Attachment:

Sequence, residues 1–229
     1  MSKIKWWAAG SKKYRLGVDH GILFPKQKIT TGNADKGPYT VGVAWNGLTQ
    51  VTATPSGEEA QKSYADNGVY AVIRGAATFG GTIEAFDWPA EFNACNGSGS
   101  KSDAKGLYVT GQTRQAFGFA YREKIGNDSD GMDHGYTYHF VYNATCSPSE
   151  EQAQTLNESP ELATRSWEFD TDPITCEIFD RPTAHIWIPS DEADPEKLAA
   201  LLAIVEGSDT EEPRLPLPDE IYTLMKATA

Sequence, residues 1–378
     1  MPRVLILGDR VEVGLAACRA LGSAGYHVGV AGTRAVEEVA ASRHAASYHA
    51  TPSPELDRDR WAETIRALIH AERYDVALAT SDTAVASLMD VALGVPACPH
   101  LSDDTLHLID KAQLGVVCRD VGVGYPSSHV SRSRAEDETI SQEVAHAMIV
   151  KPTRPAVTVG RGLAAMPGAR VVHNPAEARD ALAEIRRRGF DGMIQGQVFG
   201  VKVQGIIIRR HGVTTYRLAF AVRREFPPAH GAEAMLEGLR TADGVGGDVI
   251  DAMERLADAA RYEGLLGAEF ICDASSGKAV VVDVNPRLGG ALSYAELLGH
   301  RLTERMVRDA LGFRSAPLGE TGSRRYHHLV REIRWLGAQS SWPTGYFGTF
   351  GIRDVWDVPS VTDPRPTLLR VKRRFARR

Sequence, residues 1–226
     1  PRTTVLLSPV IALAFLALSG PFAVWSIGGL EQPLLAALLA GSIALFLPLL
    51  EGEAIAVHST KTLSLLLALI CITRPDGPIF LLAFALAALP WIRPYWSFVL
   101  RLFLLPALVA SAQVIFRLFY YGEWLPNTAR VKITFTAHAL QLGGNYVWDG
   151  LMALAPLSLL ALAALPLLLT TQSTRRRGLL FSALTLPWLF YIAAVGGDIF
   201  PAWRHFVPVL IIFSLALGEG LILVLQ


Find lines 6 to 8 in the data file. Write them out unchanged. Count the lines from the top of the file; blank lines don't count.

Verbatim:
   201  LLAIVEGSDT EEPRLPLPDE IYTLMKATA

Sequence, residues 1–378
     1  MPRVLILGDR VEVGLAACRA LGSAGYHVGV AGTRAVEEVA ASRHAASYHA